How come the people that have the least are the most generous and hospitable? This phenomenon has been accompanying me during my entire trip and once again in Vietnam. We had set off for a three day motorbike excursion into the far Northeast of Vietnam. A remote and mystical region named Ha Giang, a region characterized by sheer limestone walls, granite outcrops, hanging valleys and often referred to as Vietnam’s final frontier. It was on the way from Ha Giang town to Dong Van when we took a hidden side road which led us across a rusty bridge into a traditional village. After exploring for a bit and playing with the village kids we noticed a house at the end of the little main road. Smoke was rising out of the chimney and loud laughter filled the inside of the house. Driven by my usual curiosity I wanted to see what was going inside and had a peek through the door. As soon as the family inside spotted me all hell broke lose. Everyone was talking to me and dragging me inside instantly. It was a big family with kids, their parents, grandparents and what seemed like aunts and uncles, all gathered in one big room. To officially welcome us, we were offered some homemade rice wine. Strong stuff, especially at midday. We didn’t want to be impolite and had one, then two and then a few more. The grandmother was pretty assertive about it so refusing was no option here. Already a bit tipsy, we tried to have a basic conversation which wasn’t even too bad thanks to my phrasebook and a loose tongue due to the rice wine. Meanwhile the mother of the kids was cooking food for the whole family on an open fireplace. The house was filled with smoke but it smelt nice. After a bit we thought it would be best to leave since we didn’t want to impose ourselves on the family as they were about to eat. But no way, everybody was shouting, pointing at the floor and insisting that we would stay, sit down and join them for lunch. It was incredible. These people were living in a simple wooden house, cooking their food on open fire and did not even have running water. But they still invited two foreigners inside their house to share their meal with them. It was a really humbling experience and I couldn’t help myself but asking if something like this would ever happen in our developed societies back home….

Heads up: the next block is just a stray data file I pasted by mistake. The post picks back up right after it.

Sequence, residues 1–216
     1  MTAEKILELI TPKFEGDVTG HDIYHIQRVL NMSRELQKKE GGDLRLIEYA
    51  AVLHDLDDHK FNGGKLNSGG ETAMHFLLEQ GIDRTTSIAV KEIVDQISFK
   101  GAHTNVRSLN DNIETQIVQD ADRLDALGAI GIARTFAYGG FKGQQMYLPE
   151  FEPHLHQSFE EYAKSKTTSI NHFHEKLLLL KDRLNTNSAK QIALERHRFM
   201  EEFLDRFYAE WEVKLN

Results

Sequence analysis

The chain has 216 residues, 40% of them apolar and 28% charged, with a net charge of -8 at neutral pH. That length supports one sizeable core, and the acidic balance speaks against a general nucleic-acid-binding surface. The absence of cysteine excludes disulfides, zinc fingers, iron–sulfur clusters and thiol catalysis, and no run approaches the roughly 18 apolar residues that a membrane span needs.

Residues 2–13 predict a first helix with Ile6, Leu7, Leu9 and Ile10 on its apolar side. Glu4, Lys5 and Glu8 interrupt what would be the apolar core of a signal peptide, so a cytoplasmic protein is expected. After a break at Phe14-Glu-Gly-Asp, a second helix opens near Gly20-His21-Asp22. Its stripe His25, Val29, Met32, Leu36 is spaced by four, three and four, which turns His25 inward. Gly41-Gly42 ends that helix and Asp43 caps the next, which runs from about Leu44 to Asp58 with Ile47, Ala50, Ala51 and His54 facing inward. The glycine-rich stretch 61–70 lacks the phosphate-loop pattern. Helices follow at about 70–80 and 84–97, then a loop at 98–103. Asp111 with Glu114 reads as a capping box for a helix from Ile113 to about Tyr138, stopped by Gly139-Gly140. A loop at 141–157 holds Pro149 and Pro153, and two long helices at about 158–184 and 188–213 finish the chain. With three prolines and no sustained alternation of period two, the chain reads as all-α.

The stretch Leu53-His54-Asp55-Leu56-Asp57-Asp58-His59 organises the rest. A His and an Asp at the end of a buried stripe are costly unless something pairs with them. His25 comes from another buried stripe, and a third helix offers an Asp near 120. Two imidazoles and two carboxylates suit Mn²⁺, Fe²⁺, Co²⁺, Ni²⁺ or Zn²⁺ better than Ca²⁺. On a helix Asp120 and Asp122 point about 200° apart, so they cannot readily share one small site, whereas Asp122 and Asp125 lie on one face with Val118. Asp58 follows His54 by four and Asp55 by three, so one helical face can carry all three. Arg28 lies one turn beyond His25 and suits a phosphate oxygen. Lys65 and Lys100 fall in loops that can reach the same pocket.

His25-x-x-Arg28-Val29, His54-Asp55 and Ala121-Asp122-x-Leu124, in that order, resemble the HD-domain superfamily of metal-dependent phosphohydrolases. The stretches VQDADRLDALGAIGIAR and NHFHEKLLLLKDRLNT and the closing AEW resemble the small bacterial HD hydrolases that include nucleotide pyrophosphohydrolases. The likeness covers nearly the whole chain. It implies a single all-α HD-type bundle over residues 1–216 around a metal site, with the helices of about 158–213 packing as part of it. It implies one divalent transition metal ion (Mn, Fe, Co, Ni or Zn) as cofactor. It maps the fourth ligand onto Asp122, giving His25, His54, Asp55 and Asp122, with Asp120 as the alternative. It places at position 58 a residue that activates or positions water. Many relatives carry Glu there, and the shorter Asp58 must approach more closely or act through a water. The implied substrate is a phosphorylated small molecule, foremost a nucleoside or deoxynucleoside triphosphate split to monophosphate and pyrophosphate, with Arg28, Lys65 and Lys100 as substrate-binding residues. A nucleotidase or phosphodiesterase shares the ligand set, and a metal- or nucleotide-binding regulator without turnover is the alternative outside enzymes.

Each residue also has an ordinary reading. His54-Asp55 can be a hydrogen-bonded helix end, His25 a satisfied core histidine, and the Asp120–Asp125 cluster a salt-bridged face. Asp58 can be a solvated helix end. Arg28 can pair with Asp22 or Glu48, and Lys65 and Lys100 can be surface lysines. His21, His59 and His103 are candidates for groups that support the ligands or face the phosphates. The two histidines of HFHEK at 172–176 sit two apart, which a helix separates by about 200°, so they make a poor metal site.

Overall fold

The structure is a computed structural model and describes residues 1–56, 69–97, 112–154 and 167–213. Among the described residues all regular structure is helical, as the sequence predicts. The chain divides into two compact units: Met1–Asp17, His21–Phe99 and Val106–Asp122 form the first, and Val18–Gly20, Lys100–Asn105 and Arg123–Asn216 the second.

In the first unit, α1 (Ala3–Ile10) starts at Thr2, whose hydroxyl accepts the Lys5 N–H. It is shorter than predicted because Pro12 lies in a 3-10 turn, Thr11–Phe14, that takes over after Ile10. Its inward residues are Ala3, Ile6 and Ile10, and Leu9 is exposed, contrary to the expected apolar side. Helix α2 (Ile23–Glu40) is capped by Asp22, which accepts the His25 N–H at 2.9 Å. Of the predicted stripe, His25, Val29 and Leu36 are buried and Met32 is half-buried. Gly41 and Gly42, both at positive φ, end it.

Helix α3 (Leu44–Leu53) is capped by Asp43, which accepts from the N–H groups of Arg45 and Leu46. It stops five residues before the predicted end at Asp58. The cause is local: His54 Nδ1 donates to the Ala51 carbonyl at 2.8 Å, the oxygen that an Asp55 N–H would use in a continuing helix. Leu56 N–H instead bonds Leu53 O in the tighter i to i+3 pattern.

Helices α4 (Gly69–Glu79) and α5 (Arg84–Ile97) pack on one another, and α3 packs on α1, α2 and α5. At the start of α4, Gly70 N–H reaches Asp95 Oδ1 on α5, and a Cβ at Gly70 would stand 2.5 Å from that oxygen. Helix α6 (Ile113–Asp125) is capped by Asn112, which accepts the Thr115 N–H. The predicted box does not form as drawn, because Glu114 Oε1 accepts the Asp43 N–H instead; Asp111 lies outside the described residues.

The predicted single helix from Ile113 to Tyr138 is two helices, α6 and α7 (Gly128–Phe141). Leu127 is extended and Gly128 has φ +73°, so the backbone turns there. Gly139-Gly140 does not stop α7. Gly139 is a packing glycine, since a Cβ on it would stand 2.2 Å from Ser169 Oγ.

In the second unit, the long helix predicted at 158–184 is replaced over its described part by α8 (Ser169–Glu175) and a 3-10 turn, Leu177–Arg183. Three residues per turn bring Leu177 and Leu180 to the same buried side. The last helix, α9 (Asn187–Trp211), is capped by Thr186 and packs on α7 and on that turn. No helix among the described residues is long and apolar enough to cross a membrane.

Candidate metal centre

After my Myanmar adventure, I flew into Hanoi for about a month of traveling Vietnam. My plan was to cross the country all the way from the North down to the South and into the Mekong Delta. I have to admit that I had mixed feelings about Vietnam. On the one hand I was excited to explore a new country, sample the famous Vietnamese cuisine and embark on a promising motorbike adventure along the Chinese border. On the other hand I was a little skeptical after hearing stories about crime, people constantly being overcharged and certain places already spoilt by mass tourism. But I wanted to see for myself and tried to keep a positive attitude. After a day in Hanoi, I met up with Angel from Canada who I had met in Bagan, Myanmar. We arranged to team up and travel together for a bit with Hanoi being our starting point. Hanoi may not have the tropical charm of Saigon but makes up for it with some of the best street food in Asia, a lot of culture and history and a likable type of gruffness and authenticity. Here are my personal highlights which you should definitely check out: Continue reading